P2P: Why Can Downloading Speeds Vary So Much?

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Since file sharing relies on people sharing their bandwidth with others (either download you receive is an upload of another user who shares the data you want), your speed is the result of what others are currently able to offer you. Now, there are two essential bottlenecks:

a) The uploading capacity of most peoples Internet connections is much lower than for downloading. Most ISPs want to provide their customers with high downloading bandwidth, but only provide you with a fracture of that for uploads. Read: You can receive lots of data very fast, but sending stuff to others is remarkably slower in most cases.

b) Especially old and very new and popular files are only shared by a few people (or at least, some parts are not very widespread among the network) and thus, you’re “standing in line” with other users, all waiting to get served with those jummy pieces of data. Or, particularly in very old network architectures such as Soulseek, there is only one source for the file, so you have to wait for your sharing partner to send you stuff.

Also, if there is c) no port forwarding, it could deprive you of some peers, especially if the file is only shared by a few others. In a network such as Soulseek, it can even block you from downloading the file at all, because you have no alternatives to connect to.

But there are also other, very annoying problems that may put the breaks on you:

Many ISPs just love to screw their customers over by throttling P2P file sharing networks in order to discourage you to call them on their “unlimited speeds” advertising. Not only that, but some network administrators actually block all P2P traffic, including things like the World Of Warcraft updater and various other services that rely on such technology. Gotta love it.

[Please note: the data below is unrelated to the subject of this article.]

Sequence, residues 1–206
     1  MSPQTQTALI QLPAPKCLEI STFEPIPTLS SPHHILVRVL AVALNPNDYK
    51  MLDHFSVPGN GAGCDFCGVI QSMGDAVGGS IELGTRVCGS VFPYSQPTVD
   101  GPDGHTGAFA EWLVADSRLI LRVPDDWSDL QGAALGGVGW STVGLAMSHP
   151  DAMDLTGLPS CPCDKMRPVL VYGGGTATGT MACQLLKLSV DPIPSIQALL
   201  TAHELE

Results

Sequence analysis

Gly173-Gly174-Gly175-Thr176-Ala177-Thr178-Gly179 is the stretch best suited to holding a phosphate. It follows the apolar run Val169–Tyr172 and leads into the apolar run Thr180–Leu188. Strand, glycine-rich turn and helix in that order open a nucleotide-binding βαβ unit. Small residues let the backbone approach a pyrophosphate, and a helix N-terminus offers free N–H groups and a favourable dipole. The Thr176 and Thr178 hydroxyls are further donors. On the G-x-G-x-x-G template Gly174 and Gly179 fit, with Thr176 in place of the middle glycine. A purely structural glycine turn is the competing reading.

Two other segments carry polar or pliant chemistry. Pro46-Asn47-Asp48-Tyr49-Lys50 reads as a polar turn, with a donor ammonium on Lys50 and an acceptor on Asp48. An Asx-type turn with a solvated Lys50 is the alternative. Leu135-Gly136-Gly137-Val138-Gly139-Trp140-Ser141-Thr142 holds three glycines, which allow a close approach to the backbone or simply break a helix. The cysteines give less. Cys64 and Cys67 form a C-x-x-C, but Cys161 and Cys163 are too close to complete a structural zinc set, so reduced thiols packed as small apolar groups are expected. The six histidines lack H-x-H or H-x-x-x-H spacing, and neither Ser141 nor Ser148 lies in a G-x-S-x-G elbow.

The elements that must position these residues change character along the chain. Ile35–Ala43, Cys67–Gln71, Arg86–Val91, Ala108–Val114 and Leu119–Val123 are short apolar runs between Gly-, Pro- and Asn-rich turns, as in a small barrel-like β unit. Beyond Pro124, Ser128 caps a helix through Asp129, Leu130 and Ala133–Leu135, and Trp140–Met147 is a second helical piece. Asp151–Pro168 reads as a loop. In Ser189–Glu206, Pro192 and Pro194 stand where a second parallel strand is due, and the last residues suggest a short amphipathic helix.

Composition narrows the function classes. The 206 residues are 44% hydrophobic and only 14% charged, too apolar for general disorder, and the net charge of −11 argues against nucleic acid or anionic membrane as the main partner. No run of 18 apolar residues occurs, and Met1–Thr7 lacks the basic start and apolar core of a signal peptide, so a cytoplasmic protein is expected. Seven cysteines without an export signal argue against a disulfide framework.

You can try to use traffic obfuscation and encryption schemes offered by some P2P clients, but the only really effective way to eliminate such problems is by using a VPN, which will bypass any attempt to slow certain protocols or applications down, and also anonymize you on the network.

If you’re using WiFi, your connection might be slower than what your connection can reach. Try moving closer to your router, or connect your PC directly by cable for maximum speed.

Also, you or someone else in your network may be running another download. Or, in some cases, you might have set the uploading rate in your P2P client too high, clogging up your connection.

So what can you do?

a) When possible, choose files with many seeds and peers; if the ratio of peers versus seeds seems unhealthy, better look for a different torrent. This could mean that at least some chunks of data have not propagated enough among people, and things could take a while. Have a look on how a good ratio looks like on a torrent site: How To Ensure Fast Downloads With Torrents

b) Especially when going for files that are a bit older, port forwarding can be important; you don’t want to loose sources or peers here. Follow through our port forwarding guide to fix this problem: Port Forwarding Tutorial

c) Another alternative might be to switch to Usenet. There, all downloads are lightning fast, however it isn’t completely for free. You can read more about Usenet on our website: Usenet: An Introduction

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